But where did this get US? The women behind the behaviors? 
Sick, anxious and depressed- that’s where. 

Healing MS or any autoimmune disease can’t happen until you put yourself first. 

That doesn’t mean all of a sudden become a b*tch and ignore the world.

It means considering yourself as much as you consider others. 

One of my clients this week was talking about the boundaries she set in her life and how proud she was of herself. 

She was able to manage the uneasiness (aka: terror) of:
potentially letting others down,
being abandoned and 
discarded for voicing her needs. 

No wonder we’re all sick when even saying our needs outloud is scary!
What allowed her to do that after all these years of staying silent? 

Well many things, but one of them is “nervous system regulation” aka: utilizing small exercises that allow your body to “respond appropriately” aka: not entering an anxiety freak out spiral- to daily stressors. 

This is the “stress management” you’ve been looking for and what will change your life. 

My program Embodied Resilience is your road map to how. 

Drop a 🌀🌀 in the comments and I’ll send you details

If you’ve been a client, I’m sure you’ve heard me rant about how society’s expectations for women have set us up for autoimmunity and illness.

We were praised for being quiet, not rocking the boat, keeping the peace, helping others before ourselves, not talking back, etc etc.

But where did this get US? The women behind the behaviors?
Sick, anxious and depressed- that’s where.

Healing MS or any autoimmune disease can’t happen until you put yourself first.

That doesn’t mean all of a sudden become a b*tch and ignore the world.

It means considering yourself as much as you consider others.

One of my clients this week was talking about the boundaries she set in her life and how proud she was of herself.

She was able to manage the uneasiness (aka: terror) of:
potentially letting others down,
being abandoned and
discarded for voicing her needs.

No wonder we’re all sick when even saying our needs outloud is scary!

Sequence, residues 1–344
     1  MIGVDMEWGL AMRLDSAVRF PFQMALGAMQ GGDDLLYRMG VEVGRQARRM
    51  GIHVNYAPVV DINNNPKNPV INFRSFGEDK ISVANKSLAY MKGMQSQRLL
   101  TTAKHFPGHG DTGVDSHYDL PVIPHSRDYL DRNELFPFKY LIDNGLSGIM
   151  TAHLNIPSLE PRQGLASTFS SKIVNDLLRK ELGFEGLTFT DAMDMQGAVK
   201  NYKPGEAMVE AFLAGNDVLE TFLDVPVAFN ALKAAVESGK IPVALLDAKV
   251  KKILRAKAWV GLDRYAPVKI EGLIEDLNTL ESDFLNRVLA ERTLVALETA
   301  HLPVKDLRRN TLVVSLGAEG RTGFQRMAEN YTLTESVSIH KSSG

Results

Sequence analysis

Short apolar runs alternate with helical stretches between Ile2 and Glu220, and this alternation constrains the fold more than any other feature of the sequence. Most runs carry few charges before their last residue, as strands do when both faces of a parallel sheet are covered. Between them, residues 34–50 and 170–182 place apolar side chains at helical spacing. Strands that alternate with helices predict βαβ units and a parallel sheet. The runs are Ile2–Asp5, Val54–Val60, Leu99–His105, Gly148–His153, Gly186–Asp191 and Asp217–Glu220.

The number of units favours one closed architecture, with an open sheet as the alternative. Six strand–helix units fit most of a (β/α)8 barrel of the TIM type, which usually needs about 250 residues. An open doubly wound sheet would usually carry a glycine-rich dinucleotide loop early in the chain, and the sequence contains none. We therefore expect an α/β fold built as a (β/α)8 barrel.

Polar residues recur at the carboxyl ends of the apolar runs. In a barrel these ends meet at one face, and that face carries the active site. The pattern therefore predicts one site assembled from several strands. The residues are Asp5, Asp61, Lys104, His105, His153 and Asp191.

What allowed her to do that after all these years of staying silent?

Well many things, but one of them is “nervous system regulation” aka: utilizing small exercises that allow your body to “respond appropriately” aka: not entering an anxiety freak out spiral- to daily stressors.

This is the “stress management” you’ve been looking for and what will change your life.

My program Embodied Resilience is your road map to how.

Drop a 🌀🌀 in the comments and I’ll send you details
...

52 10
It’s ok if it takes time from learning about something to implementing it into your lifestyle.

There is a lot that needs to happen in our mind and body for us to be ready to change something about our day to day life. 

And it’s ok if that process takes longer than you “think it should” or want it too. 

You know what *won’t* help you when this happens? 
Being mean and judgemental to yourself. 

You’re not lazy and nothing is wrong with you, so stop saying that to yourself. 

You know what *will* help you when this happens?
Taking action. 
Action is the antidote to the fear and overwhelm you’re feeling. 

But- in a whole different way than you have been trying.

The key is slow and steady, not sexy or flashy- but this means it’s something better- sustainable. 

Sustainable means “able to be maintained or held”- which is the goal for habits right? 

Being “perfect” for 2 weeks then “messing up” (missing a day) then feeling like a “failure” for that one day, then being “off the wagon” for 3 months isn’t doing you any good (said with muchhhh ♥️♥️♥️)